GOP: TSA scanners 'thoroughly useless'

Republicans on a House subcommittee on Wednesday lambasted body scanners and pat-downs used by the Transportation Security Administration.

"The equipment is flawed and can be subverted," House Transportation and Infrastructure Committee Chairman John Mica (R-Fla.) said. "Our staff has subverted it. (TSA Administrator) Pistole said 'GAO is very clever.' Well what the hell does he think a terrorist is?"


Additionally, it is not very hard to know where to place contraband you do not want to be found in the event of a TSA pat-down, Mica said.
"Most folks know they're not going to touch your junk," Mica said.

After receiving withering criticism from lawmakers earlier in the day for not wanting to share a panel with other witnesses, TSA officials defended their technology Wednesday. 

"The technology is vital to our ability to keep airline passengers safe in a post-9/11 world," TSA Assistant Administrator for Security Technology Robin Kane told the panel after a testy debate about rescheduling the agency's testimony.
"Mr. Chairman, the threat is everywhere," Kane continued. "Our security measures must focus on the threat of tomorrow, not the threat of yesterday."
The panel appeared unconvinced. Chairman Jason ChaffetzJason ChaffetzLawmakers contemplate a tough political sell: Raising their pay Top Utah paper knocks Chaffetz as he mulls run for governor: ‘His political career should be over’ Boehner working on memoir: report MORE (R-Utah) compared the pat-downs now being used as part of airport security screening measures to sexual assault.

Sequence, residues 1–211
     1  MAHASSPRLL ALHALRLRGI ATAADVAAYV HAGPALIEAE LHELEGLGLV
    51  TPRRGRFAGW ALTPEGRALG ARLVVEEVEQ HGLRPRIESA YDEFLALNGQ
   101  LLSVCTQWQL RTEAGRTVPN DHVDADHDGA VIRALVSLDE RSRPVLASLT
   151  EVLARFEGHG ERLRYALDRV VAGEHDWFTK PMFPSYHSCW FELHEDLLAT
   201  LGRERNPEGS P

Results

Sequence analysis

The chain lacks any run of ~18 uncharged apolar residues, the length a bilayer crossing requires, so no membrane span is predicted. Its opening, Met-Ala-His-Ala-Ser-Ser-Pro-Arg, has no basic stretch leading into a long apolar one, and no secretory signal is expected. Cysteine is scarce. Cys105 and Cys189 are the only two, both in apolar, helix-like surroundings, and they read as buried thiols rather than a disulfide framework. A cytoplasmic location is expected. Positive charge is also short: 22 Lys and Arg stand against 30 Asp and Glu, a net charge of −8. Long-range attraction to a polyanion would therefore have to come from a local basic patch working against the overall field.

"There are many of us who believe this would be deemed a sexual assault on a person," he said.
Chaffetz said TSA was too willing to use new technologies, when they could instead use things like bomb-sniffing dogs.
"Sometimes there's nothing like a good old-fashioned German shepherd," he said. "We've lulled ourselves into a false sense of security that these machines are safe; that they work."
Earlier in the meeting, some members of the panel said the scans were ineffective because every passenger was not examined. Former Department of Homeland Security Assistant Secretary for Policy Stewart Baker defended the randomization, saying that knowing a scan was possible acted as a deterrent for would-be terrorists.  
"People are willing to blow themselves up and you think they're worried about getting caught," House Oversight and Government Reform Committee Chairman Rep. Darrell Issa (R-Calif.) responded incredulously.
Baker said that threat is why TSA had to act aggressively.
"We cannot start this conversation with what we'd like TSA to do. We have to start with what Al Qaeda would like to do. We know Al Qaeda wants to blow up planes," he said.
Even that did not sway Issa, however.  
"This committee has serious doubts about the effectiveness, efficiency and authority of some of the things that you are doing," Issa said. "I was there on 9/11. I remember listening to President Bush say that it wouldn't change America, but I'm afraid that it has."